MESA, Ariz. -- The Rockies can depend on left-handed pitcher Jorge De La Rosa. Sure, he struggled in his first Cactus League start, but he's been progressively better since. He can't get much better than his three scoreless frames with two hits and one strikeout in Tuesday's 13-0 win over the Cubs.
Rockies manager Walt Weiss hasn't announced it, but that type of dependability -- which resulted in a 16-6 record and 3.49 ERA last season -- likely will earn De La Rosa the honor of being the Rockies' Opening Day starter.
If De La Rosa is named to start March 31 at Miami, it will be the first Opening Day start of his career. With righty Jhoulys Chacin unlikely to be back from his right shoulder strain and inflammation before mid-April, there is little reason not to choose De La Rosa, even though he doesn't see it as a huge deal.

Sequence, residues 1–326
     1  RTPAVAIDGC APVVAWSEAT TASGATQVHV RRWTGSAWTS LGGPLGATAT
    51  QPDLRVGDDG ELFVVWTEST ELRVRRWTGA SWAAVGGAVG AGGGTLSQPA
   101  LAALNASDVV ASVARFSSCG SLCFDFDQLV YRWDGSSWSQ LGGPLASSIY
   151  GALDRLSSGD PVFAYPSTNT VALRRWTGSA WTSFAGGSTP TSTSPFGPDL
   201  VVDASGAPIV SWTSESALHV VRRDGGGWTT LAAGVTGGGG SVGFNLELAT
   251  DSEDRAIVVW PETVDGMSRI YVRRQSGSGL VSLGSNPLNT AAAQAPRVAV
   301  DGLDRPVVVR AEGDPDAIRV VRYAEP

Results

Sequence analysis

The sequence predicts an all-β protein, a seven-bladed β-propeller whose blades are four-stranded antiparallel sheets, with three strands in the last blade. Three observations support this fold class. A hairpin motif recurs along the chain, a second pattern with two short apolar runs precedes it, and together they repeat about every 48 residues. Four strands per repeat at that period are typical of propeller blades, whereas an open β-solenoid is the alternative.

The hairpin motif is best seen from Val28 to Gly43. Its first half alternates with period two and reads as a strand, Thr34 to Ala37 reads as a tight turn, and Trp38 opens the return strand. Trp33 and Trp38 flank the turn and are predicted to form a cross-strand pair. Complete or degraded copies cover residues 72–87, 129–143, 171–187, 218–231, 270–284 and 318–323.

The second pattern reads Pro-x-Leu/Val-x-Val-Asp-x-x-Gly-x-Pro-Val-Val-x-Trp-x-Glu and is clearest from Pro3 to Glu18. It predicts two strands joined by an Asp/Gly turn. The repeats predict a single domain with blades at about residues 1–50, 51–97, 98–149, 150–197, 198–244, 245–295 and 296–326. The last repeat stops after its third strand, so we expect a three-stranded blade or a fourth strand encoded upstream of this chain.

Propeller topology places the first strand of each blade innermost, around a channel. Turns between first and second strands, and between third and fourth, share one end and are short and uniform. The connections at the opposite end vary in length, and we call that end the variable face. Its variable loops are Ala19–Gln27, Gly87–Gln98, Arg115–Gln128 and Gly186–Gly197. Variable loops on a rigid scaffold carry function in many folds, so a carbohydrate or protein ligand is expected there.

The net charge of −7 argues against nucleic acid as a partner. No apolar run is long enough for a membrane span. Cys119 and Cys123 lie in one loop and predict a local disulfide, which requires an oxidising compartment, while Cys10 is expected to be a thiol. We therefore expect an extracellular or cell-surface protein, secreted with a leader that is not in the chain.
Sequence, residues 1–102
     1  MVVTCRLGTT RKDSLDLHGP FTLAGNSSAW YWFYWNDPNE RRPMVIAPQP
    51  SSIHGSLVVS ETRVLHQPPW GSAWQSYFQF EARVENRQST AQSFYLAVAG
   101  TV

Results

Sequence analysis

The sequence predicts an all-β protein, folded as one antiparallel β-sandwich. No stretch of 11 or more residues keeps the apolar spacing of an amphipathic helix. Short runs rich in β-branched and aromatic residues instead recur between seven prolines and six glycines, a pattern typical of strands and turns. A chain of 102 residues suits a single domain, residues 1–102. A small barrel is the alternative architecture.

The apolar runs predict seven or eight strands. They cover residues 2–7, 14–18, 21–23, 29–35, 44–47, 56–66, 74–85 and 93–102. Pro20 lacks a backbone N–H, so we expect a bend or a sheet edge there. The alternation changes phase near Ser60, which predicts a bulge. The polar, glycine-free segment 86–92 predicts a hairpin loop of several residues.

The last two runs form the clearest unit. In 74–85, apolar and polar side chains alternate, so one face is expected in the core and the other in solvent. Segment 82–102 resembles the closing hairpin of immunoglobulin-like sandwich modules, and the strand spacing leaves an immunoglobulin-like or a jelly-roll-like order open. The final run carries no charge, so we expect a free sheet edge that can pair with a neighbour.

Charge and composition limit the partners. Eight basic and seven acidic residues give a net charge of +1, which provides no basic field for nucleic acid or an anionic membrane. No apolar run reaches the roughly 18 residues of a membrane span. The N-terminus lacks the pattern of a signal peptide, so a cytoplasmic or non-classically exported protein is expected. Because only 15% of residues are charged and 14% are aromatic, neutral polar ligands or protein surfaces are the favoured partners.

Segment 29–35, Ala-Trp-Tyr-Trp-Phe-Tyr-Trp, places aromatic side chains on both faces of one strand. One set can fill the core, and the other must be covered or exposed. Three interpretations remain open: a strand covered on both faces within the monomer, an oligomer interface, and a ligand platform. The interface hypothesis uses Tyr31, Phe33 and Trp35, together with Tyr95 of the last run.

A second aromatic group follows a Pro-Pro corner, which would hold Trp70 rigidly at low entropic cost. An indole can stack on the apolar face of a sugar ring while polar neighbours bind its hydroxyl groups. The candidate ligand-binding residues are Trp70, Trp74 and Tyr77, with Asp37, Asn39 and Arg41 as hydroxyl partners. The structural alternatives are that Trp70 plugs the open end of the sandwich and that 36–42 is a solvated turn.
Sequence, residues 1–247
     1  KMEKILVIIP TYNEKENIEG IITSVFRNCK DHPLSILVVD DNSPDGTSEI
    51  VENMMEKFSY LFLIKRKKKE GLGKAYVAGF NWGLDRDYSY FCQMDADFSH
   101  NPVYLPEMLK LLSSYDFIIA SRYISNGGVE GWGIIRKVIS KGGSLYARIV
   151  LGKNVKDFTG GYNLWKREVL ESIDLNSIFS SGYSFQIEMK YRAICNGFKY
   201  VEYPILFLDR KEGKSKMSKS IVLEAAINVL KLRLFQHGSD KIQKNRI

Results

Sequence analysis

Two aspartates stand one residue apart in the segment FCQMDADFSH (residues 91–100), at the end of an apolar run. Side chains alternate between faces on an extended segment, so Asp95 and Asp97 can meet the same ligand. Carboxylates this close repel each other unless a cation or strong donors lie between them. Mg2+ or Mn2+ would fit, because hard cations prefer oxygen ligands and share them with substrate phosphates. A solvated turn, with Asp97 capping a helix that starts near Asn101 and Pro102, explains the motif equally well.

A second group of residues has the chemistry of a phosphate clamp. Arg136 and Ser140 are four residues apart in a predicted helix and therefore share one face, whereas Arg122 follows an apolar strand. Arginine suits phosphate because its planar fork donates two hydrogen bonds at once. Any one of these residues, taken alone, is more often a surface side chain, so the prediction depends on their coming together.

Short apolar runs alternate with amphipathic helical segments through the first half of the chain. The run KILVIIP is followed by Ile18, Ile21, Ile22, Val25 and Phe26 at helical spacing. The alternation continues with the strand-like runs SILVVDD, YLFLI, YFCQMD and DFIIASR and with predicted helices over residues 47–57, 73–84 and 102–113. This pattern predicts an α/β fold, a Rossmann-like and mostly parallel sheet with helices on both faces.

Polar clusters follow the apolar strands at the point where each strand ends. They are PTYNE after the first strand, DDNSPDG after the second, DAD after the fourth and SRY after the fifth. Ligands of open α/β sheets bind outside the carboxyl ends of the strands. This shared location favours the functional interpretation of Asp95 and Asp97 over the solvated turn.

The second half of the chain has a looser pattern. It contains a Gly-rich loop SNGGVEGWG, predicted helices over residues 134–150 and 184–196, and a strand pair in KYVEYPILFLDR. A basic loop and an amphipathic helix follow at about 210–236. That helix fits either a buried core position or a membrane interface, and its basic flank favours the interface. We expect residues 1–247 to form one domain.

"I hear something in the paper, but they haven't told me," De La Rosa said. "I don't care if I pitch the first or the fifth, I just want to pitch."
At any rate, De La Rosa is a natural leader for the rotation.
He'll turn 33 on April 5, and has been with the club since 2008. His 2.76 ERA at Coors Field last season was a club record, and he went 10-1 at a park that many pitchers hate. He also has had quite a few ups (16-win performances in 2009 and '13) and downs (a Tommy John elbow surgery that cost him most of '11 and almost all of '12) in purple pinstripes.
If he's the leader, De La Rosa is excited about the followers. The acquisition of lefty Brett Anderson added talent to a rotation that last year produced little after De La Rosa, Chacin and Tyler Chatwood. Righty Juan Nicasio has been strong this spring after the Rockies put out a call to challengers for his rotation spot, and lefty Franklin Morales and righty Jordan Lyles have had their moments while competing to be Chacin's temporary replacement.
"We've got more depth," De La Rosa said. "Nicasio has a lot of confidence in himself, and he's showing everybody where he wants to be. I'm glad for him and hope he can do the same thing the rest of the year."
Thomas Harding is a reporter for MLB.com. Follow him on Twitter @harding_at_mlb. This story was not subject to the approval of Major League Baseball or its clubs.